How to: Google App Script

Estimated read time – 4 min

Today’s post will shed some light on how you can use one of the very handy basic analytics tools – Google Sheets – even more effectively.
Often, analysts need to work a lot with tables and create selections for various conditions. In working with tables, the problem usually lies in the fact that you have to process and organize large amounts of data stored on different sheets. For example, you keep track of customers on one sheet of a spreadsheet, uploading data from third-party services, and you would like to add or change the data on another sheet. Let’s see how easy and simple we suggest to solve this problem.

Script editor

If you have a Google account and data sheets uploaded to Google Sheets, then you can create a script for this table. Select the table in which you want to automate the transfer of information from one sheet to another, open it and select the “Script Editor” item from the “Tools” menu. The browser will redirect you to the Apps Script page, where you can create and edit scripts for the table.

Automating line transfer to another sheet

So, our script should automatically perform the task of line transfer to another sheet. To do this, we create one more column in the table, in which it will be possible to check the box to transfer the line or remove it to cancel this action. Let’s see how exactly this is done.
When writing a script, you can use a trigger function that fires when a certain condition is met. You can read more about trigger functions in the documentation. In our script, we use the OnEdit(e) function, which is triggered when a table cell is edited (toggle the checkbox on and off). We will call this function at the end of the script, but for now, we will write everything that should happen in the function.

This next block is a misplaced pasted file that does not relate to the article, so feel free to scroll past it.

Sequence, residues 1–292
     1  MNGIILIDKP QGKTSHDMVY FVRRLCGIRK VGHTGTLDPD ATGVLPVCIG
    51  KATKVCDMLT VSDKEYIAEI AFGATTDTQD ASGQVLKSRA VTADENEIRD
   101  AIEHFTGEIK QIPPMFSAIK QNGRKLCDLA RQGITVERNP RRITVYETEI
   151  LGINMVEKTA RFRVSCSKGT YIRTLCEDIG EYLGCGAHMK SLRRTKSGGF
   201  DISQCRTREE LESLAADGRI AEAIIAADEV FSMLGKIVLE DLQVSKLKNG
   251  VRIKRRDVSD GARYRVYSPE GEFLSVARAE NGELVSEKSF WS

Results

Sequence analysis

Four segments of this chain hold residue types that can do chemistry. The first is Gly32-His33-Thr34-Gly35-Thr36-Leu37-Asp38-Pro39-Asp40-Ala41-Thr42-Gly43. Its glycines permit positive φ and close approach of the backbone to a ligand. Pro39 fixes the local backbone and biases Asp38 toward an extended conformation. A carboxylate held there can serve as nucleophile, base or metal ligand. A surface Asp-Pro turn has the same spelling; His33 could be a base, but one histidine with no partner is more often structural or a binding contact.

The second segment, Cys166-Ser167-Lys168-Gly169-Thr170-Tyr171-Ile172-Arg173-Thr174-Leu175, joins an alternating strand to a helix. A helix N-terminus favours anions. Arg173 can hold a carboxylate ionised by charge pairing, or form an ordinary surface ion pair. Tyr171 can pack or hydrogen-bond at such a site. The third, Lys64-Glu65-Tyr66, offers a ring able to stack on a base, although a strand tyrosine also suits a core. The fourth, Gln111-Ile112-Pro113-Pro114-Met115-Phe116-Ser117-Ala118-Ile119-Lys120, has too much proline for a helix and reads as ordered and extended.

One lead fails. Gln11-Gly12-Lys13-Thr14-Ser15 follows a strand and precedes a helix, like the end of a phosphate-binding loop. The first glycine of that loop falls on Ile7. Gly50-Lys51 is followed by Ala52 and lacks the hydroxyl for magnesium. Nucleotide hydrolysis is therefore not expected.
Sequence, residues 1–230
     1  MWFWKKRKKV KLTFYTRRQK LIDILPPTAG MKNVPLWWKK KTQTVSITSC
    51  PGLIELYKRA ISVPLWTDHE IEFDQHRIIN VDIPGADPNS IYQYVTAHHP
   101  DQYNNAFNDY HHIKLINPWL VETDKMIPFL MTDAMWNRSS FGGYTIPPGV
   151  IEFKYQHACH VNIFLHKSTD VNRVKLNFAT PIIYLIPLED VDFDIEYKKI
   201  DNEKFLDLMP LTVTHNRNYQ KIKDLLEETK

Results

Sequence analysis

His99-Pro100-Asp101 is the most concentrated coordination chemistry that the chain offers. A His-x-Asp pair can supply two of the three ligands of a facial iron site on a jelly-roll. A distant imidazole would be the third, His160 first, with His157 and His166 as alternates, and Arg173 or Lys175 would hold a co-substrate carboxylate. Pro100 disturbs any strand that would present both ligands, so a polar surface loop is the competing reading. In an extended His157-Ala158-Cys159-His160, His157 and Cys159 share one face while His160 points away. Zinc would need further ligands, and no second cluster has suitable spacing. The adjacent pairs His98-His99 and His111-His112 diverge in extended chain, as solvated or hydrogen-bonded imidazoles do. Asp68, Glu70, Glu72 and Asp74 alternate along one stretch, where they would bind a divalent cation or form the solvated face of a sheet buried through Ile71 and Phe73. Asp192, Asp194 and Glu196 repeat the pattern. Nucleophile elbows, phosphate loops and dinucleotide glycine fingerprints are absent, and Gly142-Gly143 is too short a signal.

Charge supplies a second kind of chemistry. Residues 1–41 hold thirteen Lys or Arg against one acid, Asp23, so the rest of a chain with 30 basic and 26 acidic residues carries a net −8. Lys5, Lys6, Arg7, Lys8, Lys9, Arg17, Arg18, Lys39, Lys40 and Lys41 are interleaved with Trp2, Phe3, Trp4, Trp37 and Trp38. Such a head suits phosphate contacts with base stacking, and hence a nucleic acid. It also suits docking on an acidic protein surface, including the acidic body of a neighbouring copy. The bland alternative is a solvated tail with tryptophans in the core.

function myScript(e) {   
  // We set the following condition for the function: you only need to react to clicking the checkmark in the eighth column on the "Лиды-воронка" sheet.
  if (e.source.getActiveSheet().getName() == "Лиды- воронка" && e.range.getColumn() == 8)
  {
    // Saving the objects of the source sheet and the destination sheet
    destSheet = SpreadsheetApp.getActiveSpreadsheet().getSheetByName('test');
    sourceSheet = e.source.getActiveSheet();
    // We clear the destination sheet, starting from the second line, since we have a title in the table.
    destSheet.getRange(2, 1, destSheet.getLastRow(), destSheet.getLastColumn()).clearContent();
    // We go through all the cells with check marks, looking for those cells in which the check marks are put down.
    range = sourceSheet.getRange(1, 1, sourceSheet.getLastRow(), sourceSheet.getLastColumn());       
    for (i = 2; i <= range.getNumRows(); i++) 
    {      
      // We get all the checkboxes.
      if (range.getCell(i,8).getValue())
      {        
        // If the checkbox is filled, the current line is transferred to a new sheet.
        currentRow = sourceSheet.getRange(i, 1, i, sourceSheet.getLastColumn());           
        destSheet.appendRow(currentRow.getValues()[0]);
      }      
    }    
  }

// Then, we call a trigger function that will call our script every time we edit a cell.
function onEdit(e) {
  myScript(e)
}

As a result, if a check mark in a column is selected, then the corresponding row will be transferred to another sheet. Also, it is important to remember that when you remove a check mark, the line is removed from another sheet.
In our example, we got the following two tables:

Conclusions

Today we showed you an example of a script that will simplify, and maybe even improve, the routine work with tables. Of course, many more processes can be automated with Google Sheets scripts. You can read about other features yourself, and we’ll cover some of them in detail in future posts!

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